While most would check out the Grand Canyon in that transition from Spring to Summer when all the rocks and craters are hit by the Arizona sun, going to the Grand Canyon during winter gives quite a spectacle in itself. It also allows you to be immersed with greater tranquility since there are less tourists.
The photos in this post were taken on mid February of 2012, when a lot of the snow in the South Rim of the Grand Canyon has already melted and the air is a lot more bearable. Winter gives a mixture of red rocks, white snow, and the first sprigs of green leaves, a sign that spring is coming soon.
When heading to the Grand Canyon in the Winter Season, ensure that your car (or rental car) is geared up for any patches of snow that you may encounter on the way. Rentals will provide chains if needed.
Weather in the Grand Canyon during winter averages about -8 degrees Celsius (17 degrees Farenheit), so layer your clothing and bring lots of lip balm and petroleum jelly to prevent your nose from drying. Use high traction rubber shoes, too. This will prevent you from slipping from any icy sheets that might careen you into the depths of the Grand Canyon.
The cost of entering the park seems to be flat all year round, but some places may be closed to tourists for their safety. Melting snow may sometimes turn into ice somewhere on hiking trails and you may slip and fall all the way to the rushing Colorado River.
Like what they always say: “Do not underestimate the Grand Canyon.”
It is quite a sight to see the forest in a blanket of white while some trees begin to sprout new leaves.
The thing about winter in the Grand Canyon is that not all wildlife will be around, as some are still hiding from the snow. There will only be a few deer munching on cold grass. There are a lot of ravens, though.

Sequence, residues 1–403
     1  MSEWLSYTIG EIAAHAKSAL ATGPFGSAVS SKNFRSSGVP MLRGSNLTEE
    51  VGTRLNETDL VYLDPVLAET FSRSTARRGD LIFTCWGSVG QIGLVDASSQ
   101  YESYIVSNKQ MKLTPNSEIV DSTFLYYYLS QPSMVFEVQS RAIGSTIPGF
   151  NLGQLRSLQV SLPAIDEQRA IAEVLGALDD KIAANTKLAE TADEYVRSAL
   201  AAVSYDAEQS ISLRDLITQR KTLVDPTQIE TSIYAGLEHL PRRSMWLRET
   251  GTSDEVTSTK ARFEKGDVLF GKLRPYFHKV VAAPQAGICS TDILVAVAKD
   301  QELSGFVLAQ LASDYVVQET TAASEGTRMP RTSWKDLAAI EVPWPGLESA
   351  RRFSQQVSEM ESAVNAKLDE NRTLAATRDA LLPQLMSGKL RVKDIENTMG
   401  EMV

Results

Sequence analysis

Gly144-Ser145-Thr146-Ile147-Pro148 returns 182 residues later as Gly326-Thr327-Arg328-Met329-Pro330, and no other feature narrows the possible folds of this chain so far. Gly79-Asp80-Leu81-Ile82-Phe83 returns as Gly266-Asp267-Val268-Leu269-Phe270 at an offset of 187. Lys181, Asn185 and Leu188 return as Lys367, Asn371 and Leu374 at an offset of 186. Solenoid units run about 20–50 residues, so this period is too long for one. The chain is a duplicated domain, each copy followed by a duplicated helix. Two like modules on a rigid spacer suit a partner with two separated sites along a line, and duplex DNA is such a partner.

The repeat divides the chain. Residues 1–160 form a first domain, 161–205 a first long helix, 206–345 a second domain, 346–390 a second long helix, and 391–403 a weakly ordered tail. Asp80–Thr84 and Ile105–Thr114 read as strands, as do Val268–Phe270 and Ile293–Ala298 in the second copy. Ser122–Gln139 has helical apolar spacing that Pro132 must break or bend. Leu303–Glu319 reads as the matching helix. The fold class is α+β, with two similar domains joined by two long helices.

Some may find that the rocks and craters of the Grand Canyon to be repetitive, so for those who feel that one part of the canyon says it all, you can just park on one of the designated view spots, and walk around the foot trail. The cold air is refreshing, while the sun just shines ever presently on the rocks, and shadows will play around depending on the time of the day.
If you get tired from walking, all you do is look to the Grand Canyon, and marvel at a million year old creation. The marvel about the Grand Canyon is that these have been the home of the Native Americans even before the settlers have come in.
Grand Canyon is pet friendly, too. Just clean up after your pets. Oh and look out for them, too. Ravens seem to look at puppies as great sources of fat after a cold winter spell.
For humans who need a warm meal, the cafeterias scattered around the Grand Canyon will give some great food. Chili Dogs with Onion Rings paired with a locally crafted Grand Canyon Sunset Amber Ale is highly recommended. If the beer is not col enough, maybe you can just open the window of the cafeteria and stick it into the snow for a few minutes. This is one advantage of visiting the Grand Canyon during winter.
The Grand Canyon at any time of the year will always be majestic to look at, but a winter visit lends a refreshing perspective on the contrasting colors that complement the weather as you go around the rim and down into some of its valleys. And you may love the lower tourist volume, too!
Join us in our journeys En Route on Facebook
Comment on this and Share it on Facebook!
Powered by Facebook Comments
Love the Grand Canyon… I want to visit this largest footprint of history in America. Nice photos! The scenes are so stunning around winter in Grand Canyon.
It really is a sight to behold 🙂 Try to do all the effort to make it. You will not be disappointed.
Thanks for stopping by and hope the pics were worth your time 🙂
[…] first, here are a few pictures of the Notre Dame Cathedral in Paris, just at the point of the season where winter turns into spring. Impressive, huh? You can imagine how religion is a big deal back then and how a big deal it is to […]
[…] since Sedona is just a few hours drive away from The Grand Canyon, it can be understood why it seems to share such prehistoric rock […]